These three approaches address important aspects of sanitation practice. However, Hadwen et al. (2015) (integration of water resource management in WASH assessment) and Okurut et al. (2015) (multidisciplinary sanitation assessment teams) highlight the need for a comprehensive approach for sanitation that includes all of these three perspectives.

The discipline of public health offers a different way of addressing these complex issues, the public health ecological approach. This approach systematically identifies determinants of complex public health issues (Glanz & Bishop 2010; Golden & Earp 2012). It suggests that an individual's health outcome results from the interactions of many other factors beyond the individual system, including both biophysical and socio-economic environments (VanLeeuwen et al. 1999).

The IBM-WASH framework adopts an ecological health promotion approach which was adapted from a model proposed by McLeroy et al. (1988). The use of an ecological approach enables us to comprehensively assess WASH issues. The IBM-WASH framework (Table 2) identifies factors at habitual, individual, inter-personal, community and societal/structural levels (Dreibelbis et al. 2013). The model also categorises factors in each level into a psychosocial dimension (e.g., values, social norms, attitudes), a contextual dimension (e.g., socio-economic and physical environment) and a technological dimension (e.g., supply and attributes of physical facilities) (Dreibelbis et al. 2013). (See Table 2 for the matrix arrangement of the IBM-WASH framework.) The IBM-WASH framework has been used in the design and evaluation of hygiene interventions (Hulland et al. 2013; McMichael & Robinson 2016) and in a systematic literature review of factors that determine sustained adoption of WASH behaviour, which includes safe water use, hand hygiene and sanitation (Hulland et al. 2015) (A summary of the review results of Hulland et al. are presented in Table 2.) It should be noted that the IBM-WASH framework's interpersonal and community levels were merged into one level in their review.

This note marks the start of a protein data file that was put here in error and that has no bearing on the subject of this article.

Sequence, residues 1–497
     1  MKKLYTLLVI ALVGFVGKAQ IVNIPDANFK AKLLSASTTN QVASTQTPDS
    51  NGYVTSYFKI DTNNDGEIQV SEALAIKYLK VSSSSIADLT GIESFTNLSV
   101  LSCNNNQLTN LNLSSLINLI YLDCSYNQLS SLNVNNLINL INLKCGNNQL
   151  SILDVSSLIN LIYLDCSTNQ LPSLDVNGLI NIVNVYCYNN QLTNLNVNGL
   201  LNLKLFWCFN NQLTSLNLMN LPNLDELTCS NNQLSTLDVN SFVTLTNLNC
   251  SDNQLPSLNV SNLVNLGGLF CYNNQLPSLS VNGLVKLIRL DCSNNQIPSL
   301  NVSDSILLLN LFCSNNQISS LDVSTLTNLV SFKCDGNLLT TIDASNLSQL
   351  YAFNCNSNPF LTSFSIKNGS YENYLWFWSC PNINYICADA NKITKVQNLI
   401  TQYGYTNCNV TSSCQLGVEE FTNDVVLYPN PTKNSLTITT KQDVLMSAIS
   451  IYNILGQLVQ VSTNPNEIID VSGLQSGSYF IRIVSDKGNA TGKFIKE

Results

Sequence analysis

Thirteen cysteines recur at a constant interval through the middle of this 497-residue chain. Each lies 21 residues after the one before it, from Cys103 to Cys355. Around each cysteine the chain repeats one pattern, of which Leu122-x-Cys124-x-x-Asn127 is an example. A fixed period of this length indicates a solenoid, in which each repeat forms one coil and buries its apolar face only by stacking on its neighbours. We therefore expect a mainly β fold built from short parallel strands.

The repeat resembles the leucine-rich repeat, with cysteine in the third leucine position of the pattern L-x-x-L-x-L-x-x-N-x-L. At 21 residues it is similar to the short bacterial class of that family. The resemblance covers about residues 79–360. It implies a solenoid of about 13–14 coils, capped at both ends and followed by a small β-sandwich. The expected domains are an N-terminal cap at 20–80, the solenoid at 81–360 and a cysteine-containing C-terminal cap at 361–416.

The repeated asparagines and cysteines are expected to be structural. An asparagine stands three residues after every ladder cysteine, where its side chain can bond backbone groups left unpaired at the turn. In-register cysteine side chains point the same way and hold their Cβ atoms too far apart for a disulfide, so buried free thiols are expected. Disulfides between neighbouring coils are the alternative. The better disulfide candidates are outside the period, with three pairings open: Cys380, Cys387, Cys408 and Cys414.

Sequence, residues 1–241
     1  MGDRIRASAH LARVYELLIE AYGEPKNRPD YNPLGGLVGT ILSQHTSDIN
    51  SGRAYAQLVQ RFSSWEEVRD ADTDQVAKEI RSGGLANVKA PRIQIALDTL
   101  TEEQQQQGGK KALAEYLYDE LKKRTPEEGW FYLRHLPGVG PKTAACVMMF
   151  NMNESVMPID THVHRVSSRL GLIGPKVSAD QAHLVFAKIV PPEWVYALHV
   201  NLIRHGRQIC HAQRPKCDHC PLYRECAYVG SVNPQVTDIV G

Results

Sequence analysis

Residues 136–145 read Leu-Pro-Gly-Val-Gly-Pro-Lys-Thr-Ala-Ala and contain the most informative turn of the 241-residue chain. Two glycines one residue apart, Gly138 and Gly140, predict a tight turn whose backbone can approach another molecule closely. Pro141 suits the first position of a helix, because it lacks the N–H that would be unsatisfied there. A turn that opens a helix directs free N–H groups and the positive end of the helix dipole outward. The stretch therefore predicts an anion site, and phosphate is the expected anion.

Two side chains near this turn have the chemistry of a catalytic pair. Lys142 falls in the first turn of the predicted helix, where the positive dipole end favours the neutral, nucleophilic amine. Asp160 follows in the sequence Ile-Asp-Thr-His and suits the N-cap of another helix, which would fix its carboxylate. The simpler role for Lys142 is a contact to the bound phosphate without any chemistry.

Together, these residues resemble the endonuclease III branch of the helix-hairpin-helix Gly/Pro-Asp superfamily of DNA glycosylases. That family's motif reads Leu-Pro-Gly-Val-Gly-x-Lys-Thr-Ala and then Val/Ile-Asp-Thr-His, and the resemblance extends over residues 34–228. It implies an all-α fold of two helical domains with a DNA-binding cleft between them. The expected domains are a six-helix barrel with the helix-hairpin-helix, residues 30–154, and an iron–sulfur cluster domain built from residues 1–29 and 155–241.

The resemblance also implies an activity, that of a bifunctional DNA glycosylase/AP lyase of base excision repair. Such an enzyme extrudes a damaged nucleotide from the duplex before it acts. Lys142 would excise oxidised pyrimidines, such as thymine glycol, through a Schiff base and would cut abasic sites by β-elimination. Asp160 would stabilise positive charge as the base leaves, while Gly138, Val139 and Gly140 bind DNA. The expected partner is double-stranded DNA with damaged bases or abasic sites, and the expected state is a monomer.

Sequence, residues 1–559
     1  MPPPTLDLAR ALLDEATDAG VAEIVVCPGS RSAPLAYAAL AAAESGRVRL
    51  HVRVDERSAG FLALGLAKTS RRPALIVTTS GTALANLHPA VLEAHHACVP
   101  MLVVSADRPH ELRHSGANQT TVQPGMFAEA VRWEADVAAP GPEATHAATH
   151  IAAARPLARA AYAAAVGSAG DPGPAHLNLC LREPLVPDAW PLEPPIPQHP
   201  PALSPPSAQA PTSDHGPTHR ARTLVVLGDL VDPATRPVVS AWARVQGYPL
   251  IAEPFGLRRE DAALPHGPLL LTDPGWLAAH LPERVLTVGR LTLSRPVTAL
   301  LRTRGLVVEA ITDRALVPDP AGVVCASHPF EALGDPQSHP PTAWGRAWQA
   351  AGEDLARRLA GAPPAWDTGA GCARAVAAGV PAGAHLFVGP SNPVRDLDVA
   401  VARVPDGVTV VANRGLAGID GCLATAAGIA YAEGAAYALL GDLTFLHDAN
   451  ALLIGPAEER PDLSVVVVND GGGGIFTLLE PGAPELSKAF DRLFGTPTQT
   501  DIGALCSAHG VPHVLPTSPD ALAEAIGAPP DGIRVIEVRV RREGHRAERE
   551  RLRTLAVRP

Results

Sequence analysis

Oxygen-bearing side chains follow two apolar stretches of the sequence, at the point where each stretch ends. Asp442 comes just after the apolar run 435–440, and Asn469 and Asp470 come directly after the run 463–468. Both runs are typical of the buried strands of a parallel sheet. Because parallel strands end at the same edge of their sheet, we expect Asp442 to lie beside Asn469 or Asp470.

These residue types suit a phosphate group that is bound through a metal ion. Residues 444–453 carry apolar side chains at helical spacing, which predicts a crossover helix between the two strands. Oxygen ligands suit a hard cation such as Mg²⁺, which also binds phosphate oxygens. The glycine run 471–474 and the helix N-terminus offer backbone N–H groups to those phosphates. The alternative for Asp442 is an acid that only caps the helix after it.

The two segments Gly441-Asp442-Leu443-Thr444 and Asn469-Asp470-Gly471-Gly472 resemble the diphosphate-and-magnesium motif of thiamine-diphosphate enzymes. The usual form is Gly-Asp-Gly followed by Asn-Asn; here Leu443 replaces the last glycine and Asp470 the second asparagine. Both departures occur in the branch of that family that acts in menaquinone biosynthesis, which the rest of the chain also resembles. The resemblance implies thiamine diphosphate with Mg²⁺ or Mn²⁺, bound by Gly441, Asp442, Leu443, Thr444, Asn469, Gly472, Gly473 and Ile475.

Table 2

Summary of factors affecting sustained sanitation adoption using the IBM-WASH framework, adapted from Hulland et al. (2015) 

Dimensions Levels
 
Habitual Individual Interpersonal/Household Community Societal/Structural 
Contextual factors  Income generation/work patterns
Age
Religion
Ethnicity 
Household income
Level of education
Household structure 
Seasonality
Infrastructure 
Psychosocial factors Ease of use
Existing habits (e.g., open defecation) 
Perceived benefits (privacy, safety, cleanliness)
Perceived barriers
Knowledge of disease transmission
Aspirations
Disgust factor 
Social norms
Stigma surrounding defecation
Shared values 
 
Technological factors Appropriate design
Durability 
Cost
Installation mechanisms
Ownership/Responsibility
Status of using/owning the technology 
Local manufacturing and maintenance Procurement and distribution of sanitation supplies